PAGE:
Supreme Court Weighs in on Warrantless Searches of Phones, Laptops at Border

A lawsuit has been brought before the Supreme Court by eight plaintiffs challenging warrantless searches of phones and other devices at the U.S. border, reports USA Today. U.S. Customs and Border Protection reports it performed 40,913 so-called basic searches of electronic devices in 2019, a 22 percent increase from the prior fiscal year. Those searches involve an officer looking through a phone – reading emails, texts and calendar items – without the help of third-party software. Varying opinions by different appeals courts on border officials authority in these circumstances around the country means that an international passenger entering the United States at Boston Logan International Airport faces a different set of rules than if that same passenger touches down in Los Angeles.

The government told the high court in May that federal agencies “enforce a wide range of federal laws at the border” and said that the court’s past precedents permit the device searches while the Biden administration said that the plaintiffs have not established what happened when agents seized their phones. In a statement, U.S. Customs and Border Protection said searches have helped to detect terrorist activity and thwart international crimes. The American Civil Liberties Union, argues that phones, computers and other devices chock full of personal information should be subject to a higher standard than a passenger’s luggage.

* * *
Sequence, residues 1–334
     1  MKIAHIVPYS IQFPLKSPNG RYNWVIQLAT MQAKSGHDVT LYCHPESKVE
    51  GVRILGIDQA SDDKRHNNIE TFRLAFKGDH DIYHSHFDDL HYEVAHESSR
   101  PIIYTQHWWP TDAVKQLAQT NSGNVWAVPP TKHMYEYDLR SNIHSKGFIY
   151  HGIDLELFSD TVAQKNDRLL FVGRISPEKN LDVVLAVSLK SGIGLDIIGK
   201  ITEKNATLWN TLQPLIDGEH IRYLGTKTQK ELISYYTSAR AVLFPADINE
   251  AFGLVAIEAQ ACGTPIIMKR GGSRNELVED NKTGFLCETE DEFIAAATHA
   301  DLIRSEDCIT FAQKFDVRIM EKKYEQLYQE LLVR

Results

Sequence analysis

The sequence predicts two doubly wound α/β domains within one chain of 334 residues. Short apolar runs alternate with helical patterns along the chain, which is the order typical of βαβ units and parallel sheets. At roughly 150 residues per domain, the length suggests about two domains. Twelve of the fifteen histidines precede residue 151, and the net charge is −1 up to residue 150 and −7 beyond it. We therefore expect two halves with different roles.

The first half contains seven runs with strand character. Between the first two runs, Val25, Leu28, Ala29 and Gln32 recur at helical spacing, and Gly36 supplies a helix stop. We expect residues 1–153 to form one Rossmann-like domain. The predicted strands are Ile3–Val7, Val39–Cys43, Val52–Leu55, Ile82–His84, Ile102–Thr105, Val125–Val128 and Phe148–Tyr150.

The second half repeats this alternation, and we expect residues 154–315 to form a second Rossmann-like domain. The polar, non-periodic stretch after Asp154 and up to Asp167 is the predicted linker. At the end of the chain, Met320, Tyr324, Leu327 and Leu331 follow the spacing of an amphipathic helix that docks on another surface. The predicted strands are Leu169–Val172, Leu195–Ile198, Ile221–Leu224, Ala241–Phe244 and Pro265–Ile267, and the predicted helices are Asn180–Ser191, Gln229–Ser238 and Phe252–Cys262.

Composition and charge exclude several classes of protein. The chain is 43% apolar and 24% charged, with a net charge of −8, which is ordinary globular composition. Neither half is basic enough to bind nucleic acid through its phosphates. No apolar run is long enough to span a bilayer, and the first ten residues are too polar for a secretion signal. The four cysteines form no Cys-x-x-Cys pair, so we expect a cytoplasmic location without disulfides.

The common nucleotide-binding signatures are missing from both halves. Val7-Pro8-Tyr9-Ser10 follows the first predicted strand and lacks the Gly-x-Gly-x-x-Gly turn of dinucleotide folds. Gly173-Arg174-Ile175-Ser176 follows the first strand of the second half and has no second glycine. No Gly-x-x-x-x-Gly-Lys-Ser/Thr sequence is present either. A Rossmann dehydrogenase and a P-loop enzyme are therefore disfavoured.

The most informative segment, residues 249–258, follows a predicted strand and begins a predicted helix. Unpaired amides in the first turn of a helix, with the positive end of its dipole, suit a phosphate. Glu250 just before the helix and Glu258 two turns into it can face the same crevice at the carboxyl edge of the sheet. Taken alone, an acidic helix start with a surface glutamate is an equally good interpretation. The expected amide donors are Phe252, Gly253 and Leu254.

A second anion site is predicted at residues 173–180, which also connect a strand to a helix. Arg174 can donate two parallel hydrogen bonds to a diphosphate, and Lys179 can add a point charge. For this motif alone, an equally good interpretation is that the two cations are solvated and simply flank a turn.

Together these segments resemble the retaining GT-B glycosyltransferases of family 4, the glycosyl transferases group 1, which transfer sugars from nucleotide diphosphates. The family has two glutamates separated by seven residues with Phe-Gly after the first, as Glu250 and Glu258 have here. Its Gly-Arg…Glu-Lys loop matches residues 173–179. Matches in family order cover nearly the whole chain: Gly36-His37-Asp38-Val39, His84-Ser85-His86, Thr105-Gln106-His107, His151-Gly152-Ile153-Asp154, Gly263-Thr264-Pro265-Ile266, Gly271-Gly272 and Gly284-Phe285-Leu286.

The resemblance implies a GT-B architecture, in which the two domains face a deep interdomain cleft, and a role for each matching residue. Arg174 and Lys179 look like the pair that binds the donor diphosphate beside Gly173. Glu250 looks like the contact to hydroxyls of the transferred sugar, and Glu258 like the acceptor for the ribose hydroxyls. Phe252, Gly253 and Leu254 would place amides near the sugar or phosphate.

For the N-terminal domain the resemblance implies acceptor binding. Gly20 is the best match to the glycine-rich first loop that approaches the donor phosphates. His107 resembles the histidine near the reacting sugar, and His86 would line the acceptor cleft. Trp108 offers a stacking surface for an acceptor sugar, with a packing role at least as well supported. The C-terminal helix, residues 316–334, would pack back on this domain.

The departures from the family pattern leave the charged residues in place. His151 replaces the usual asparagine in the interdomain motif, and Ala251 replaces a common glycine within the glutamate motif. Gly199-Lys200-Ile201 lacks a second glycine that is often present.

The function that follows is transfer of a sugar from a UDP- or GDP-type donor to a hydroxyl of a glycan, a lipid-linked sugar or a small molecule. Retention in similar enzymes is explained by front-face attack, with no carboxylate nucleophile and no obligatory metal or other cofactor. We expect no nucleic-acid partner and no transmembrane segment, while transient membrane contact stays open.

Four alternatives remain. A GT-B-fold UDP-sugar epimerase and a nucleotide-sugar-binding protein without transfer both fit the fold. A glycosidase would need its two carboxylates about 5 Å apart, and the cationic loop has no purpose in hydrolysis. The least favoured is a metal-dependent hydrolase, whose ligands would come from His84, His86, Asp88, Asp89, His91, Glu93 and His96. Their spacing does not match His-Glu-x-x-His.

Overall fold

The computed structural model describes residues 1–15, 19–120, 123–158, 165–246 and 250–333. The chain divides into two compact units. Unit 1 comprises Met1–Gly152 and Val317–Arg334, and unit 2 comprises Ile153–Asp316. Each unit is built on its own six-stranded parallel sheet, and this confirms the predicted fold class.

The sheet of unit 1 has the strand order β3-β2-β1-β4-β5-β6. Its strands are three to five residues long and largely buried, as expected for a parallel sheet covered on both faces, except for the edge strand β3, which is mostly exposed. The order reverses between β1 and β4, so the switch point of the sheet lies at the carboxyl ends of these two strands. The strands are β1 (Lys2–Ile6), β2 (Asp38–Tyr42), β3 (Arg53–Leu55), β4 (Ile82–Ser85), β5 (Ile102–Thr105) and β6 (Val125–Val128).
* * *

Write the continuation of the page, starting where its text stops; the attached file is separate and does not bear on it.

via The Crime Report

June 22, 2021 at 11:06AM